On a good board there’s a mutuality of value, you get access to thinking not just from the company but from other board members. I think Rob Elkington is one of the best chairs I’ve ever encountered and all that stuff he talks about around young people and creative learning is all stuff I can talk about now. This sounds like a cliche but you get out what you put in. If you go onto the board thinking you are the one that’s bringing everything in then you get nothing out. Like I say, I don’t know why more people don’t do it.

What boards are you currently on?

They’re not all boards but… Derby Theatres, Vivid, Area Council [of Arts Council England], the Equality Monitoring group for Arts Council Wales, Shout!, Coventry Biannual… have I missed any… no, that’s it.

Area Council is a mysterious thing, can you tell us about that?

The first rule of Area Council is that you don’t talk about area council! No, well, we’re not a constituted board or anything like that. The Arts Council devolves its governance to each region and that is to make sure you have regional differences, which is really important. The big national conferences are fascinating as there are such massive disparities between the regions.

Area Council has a watching brief, we offer guidance in the NPO process and look at the whole portfolio, make decisions on applications up to a certain level and a lot of our thinking goes into decisions above that level and we advise on strategy. So that’s it and it’s all open, anyone can apply to be on it and it contains a mixture of arts organisations, local authorities, representation from people with protected characteristics and some of us are freelancers to make sure their voice is heard as well.

I enjoy being on Area Council as the gaps in my knowledge are huge. I’ve learnt about how ACE [Arts Council England] policy development works and how we feed up into National Council is good. I like knowing that what we flag up does then get taken up. The best way to change the organisation is to do it this way. I really like that the other members come from very diverse places so I learn from them too.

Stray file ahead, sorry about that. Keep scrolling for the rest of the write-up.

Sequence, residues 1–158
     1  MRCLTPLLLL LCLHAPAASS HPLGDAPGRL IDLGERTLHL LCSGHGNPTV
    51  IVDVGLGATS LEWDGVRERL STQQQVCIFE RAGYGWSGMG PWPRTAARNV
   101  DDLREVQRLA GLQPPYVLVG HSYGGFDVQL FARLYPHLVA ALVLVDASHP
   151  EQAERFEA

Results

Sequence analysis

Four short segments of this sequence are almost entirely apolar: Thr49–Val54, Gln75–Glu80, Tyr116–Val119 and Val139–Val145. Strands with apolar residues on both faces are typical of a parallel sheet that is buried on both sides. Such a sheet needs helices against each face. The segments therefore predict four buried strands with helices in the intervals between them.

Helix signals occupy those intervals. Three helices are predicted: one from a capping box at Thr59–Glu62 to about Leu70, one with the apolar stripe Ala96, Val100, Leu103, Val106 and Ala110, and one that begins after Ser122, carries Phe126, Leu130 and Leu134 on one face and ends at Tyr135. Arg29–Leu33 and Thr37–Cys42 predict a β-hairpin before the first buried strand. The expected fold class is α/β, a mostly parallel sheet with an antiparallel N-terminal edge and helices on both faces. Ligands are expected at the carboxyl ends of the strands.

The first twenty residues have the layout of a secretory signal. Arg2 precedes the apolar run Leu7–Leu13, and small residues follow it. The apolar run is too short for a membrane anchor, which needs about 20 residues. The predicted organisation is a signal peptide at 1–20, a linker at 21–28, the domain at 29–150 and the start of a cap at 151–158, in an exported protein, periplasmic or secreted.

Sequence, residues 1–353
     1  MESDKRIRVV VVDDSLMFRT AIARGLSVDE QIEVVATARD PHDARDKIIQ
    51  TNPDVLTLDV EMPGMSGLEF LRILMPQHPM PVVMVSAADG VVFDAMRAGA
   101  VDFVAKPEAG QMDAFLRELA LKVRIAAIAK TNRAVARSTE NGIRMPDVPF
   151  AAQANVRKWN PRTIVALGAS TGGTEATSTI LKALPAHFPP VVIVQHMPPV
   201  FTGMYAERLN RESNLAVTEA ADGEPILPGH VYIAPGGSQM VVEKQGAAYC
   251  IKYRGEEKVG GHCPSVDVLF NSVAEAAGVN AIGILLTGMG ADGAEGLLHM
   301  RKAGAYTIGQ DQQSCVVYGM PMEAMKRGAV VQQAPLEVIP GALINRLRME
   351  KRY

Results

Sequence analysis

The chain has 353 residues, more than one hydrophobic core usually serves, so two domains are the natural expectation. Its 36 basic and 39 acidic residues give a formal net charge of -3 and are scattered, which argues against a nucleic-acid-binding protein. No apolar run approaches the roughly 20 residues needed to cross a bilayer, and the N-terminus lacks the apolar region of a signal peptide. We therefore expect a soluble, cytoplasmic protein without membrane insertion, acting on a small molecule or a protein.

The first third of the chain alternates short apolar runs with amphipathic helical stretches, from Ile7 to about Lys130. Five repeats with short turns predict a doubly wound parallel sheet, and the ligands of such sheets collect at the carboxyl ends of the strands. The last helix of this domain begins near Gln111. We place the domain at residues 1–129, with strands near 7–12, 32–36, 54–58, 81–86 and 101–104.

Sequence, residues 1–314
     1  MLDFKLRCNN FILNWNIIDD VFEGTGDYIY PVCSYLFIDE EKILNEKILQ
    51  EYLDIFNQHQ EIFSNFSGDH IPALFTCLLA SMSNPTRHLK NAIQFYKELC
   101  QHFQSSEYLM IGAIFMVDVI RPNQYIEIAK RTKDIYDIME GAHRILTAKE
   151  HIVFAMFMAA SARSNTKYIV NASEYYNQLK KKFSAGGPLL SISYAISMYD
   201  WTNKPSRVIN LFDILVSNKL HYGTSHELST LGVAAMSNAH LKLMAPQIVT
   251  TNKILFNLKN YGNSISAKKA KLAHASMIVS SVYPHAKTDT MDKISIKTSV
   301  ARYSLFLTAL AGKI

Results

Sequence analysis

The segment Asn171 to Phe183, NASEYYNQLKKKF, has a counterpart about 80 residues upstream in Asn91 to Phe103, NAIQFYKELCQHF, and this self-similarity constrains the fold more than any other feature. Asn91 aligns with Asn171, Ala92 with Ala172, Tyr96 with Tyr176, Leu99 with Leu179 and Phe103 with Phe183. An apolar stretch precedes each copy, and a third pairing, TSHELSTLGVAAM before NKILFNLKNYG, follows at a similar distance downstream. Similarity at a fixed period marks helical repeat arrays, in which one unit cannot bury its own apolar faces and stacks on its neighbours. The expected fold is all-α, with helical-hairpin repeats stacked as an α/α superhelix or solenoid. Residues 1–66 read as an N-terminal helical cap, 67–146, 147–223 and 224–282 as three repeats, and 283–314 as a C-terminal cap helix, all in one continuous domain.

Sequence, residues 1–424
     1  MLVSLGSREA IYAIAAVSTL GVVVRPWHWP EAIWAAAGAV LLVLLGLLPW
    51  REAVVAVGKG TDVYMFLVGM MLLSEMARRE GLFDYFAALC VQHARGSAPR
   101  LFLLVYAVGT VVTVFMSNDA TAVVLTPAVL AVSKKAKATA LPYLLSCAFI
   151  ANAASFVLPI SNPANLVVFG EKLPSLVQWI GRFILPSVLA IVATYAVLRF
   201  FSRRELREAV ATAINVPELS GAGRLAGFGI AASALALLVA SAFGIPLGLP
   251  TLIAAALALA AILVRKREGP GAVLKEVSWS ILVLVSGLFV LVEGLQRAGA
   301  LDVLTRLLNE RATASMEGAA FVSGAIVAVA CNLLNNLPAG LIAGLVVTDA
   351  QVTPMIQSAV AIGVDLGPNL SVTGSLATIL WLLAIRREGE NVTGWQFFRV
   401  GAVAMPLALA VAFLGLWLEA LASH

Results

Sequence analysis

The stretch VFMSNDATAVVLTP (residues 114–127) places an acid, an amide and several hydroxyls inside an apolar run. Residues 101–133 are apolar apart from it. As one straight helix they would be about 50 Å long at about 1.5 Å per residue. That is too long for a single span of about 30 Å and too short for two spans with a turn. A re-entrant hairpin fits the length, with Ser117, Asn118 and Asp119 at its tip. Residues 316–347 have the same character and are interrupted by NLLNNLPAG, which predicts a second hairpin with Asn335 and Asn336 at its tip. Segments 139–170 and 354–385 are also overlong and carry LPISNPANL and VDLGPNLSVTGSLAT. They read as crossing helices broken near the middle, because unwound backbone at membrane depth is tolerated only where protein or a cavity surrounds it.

How do you think we will look back on this Black Lives Matter moment in the future?

I hope and think it’s the moment when the power balance is really disrupted. I don’t want it to be a David vs Goliath moment around big organisations because a lot of problems I have aren’t with the big organisations but are in the independent sector. I think this moment has held a mirror up to lots of people who thought they were anti-discriminatory and shown them that there is a massive difference between being anti-racist and pro Black Lives Matter.

I have been quite vocal about this. I think there was a lot of performative ally-ship going on. If you have never had a Black or Asian person on your board or your staff, then putting out a Black Lives Matter statement or putting a black square on your social media then was at best hypocritical and at worst meant you don’t actually know what bias is. I now withdraw my labour, emotion and time from any organisation that I don’t think has the values they have displayed on Instagram. That has caused a couple of problems already, as I won’t have my name associated with certain organisations and I think that’s fine, everyone has privilege and everyone uses their influence, so if my influence is to point out what I think then that’s fine.

I think that there are a lot of people still pushing this issue down the track saying ‘in about three years we’ll get a black intern in’. There’s a real lack of understanding, with people thinking that it’s all about young Black or Asian people, when it’s about, across the board, what are you doing about systematic institutional racism within the cultural sector? We know it exists. I know exists because it’s happened to me and people say ‘even you?’ Yes, even me. It happened to me five years ago with a director of an arts organisation. What they said to my face was erasing my voice and undermining my lived experience and then they moved on to the next thing because they were white and they could do that.

These people don’t know what they’re doing. When referring to participants in our Represent and ASTONish programmes we’ve had people using the terms “them” and “they” in terms of ethnicity, completely ‘othering’ Black and Asian people.

So Black Lives Matter and what’s been happening subsequently is just what any person that is Black or Asian has been saying for a very long time. People who are really thoughtful are looking at it and saying ‘okay we thought we were doing this, but maybe we need to unpick it some more’. We’ve had this conversation so many times at Stan’s, we’ve always had this conversation. There’s nothing wrong with admitting “I don’t think I’ve got this right” and asking “what should I do?” but some people are now literally having this conversation for the first time and thinking you get a Black or Asian person on your board and you’re done.